The diaphragm plate 1, the cover plate 2, and the base plate 3 are each constructed from crystalline quartz of essentially identical crystal orientation and bonded together in a manner which maintains the crystal axis alignment, i.e., mutually parallel, between all three pieces. The pressure in cavity 10 and the vacuum in cavity 11 establish a pressure load across diaphragm 1a. Diaphragm 1b is subject to equalized pressures, preferably but not necessarily a vacuum in cavities 12 and 13 and is therefore free from pressure loading. Note the passage 31 interconnecting these cavities to assure such zero loading. Note also that the passage 31 is located so that it does not disturb the characteristics of the diaphragm 1b or its peripheral support to the plate 1. Thickness shear mode oscillations are piezoelectrically stimulated in the center area of both diaphragms by means of electrodes 6, 7, 8 and 9 and two oscillator circuits 14 and 15. As shown in FIGS. 1 and 5, the electrodes 7 and 9 cover th entire area of the cavities 10 and 13 and are connected via conductive strips to external tabs on the underside of an extension of plate 1. Electrodes 6 and 8 are relatively small circular electrodes at the centers of the diaphragms 1a and 1b, respectively, which electrodes are likewise connected via conductor strips to external tabs on the upper side of the extensions of plate 1. Thus, the small circular electrodes 6 and 8 acting with electrodes 7 and 9 excite thickness shear compression resonance in the central portion of the diaphragms 1a and 1b. All electrodes, connector strips and tabs are formed on the crystal surfaces using conventional masking and vapor deposition techniques. The oscillator circuits 14 and 15 stimulate and maintain the primary thickness shear mode frequencies fP and fR of the diaphragms 1a and 1b respectively independent of variations in circuit parameters.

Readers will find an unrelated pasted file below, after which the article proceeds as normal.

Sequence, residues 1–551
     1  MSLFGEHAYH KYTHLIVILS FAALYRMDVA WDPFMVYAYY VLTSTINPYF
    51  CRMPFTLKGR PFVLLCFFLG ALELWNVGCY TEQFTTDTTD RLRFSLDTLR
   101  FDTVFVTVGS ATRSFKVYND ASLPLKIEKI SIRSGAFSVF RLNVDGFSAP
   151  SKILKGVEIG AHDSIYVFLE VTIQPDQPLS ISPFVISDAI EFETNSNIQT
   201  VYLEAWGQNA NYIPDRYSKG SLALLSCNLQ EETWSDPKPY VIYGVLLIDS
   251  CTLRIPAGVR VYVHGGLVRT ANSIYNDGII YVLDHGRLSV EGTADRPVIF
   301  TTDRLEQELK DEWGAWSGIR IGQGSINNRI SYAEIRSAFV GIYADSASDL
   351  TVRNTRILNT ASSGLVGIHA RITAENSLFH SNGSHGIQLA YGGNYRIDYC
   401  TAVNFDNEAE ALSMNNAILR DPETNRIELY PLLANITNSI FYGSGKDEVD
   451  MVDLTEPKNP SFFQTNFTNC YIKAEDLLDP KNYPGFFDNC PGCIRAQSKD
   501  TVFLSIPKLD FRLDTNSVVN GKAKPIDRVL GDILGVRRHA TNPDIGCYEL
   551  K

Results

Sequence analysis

It is well established that the frequency of thickness shear resonances of a quartz plate can be expressed simply as ##EQU1## where f is the resonant frequency, t is the plate thickness, ρ is the density of quartz, and C66 is an elastic coefficient for the particular orientation of the plate. It is also well known that if a force is applied at the periphery of the plate, the resonant frequency will change an amount that is dependent upon the orientation of the plate with respect to its crystallographic axes, the direction of application of the force within the plane of the plate, and the magnitude of that force. It is understood that the frequency change is brought about by the combined effect of two separate physical phenomena. The first is the effect of the static deformation caused by the applied force, resulting in changes in the thickness and density parameters. The second results from changes in the C66 coefficient brought about by the non-linear elastic properties of the crystal material. In the present invention the diaphragms (thin crystal plates 1a and 1b are suspended within the circular confines of the thick rigid structure of the diaphragm plate 1. As pressure is applied to diaphragm 1a it deforms by bending and stretching within the confines of its rigid peripheral support. The stretching of the diaphragm results in the alteration of the geometric and elastic coefficients thus causing the resonant frequency fP to decrease as a function of the applied pressure. The second diaphragm 1b is not similarly stressed and therefore its resonant frequency fR does not change and so is used as an accurate reference in measuring changes in the pressure variant frequency fP.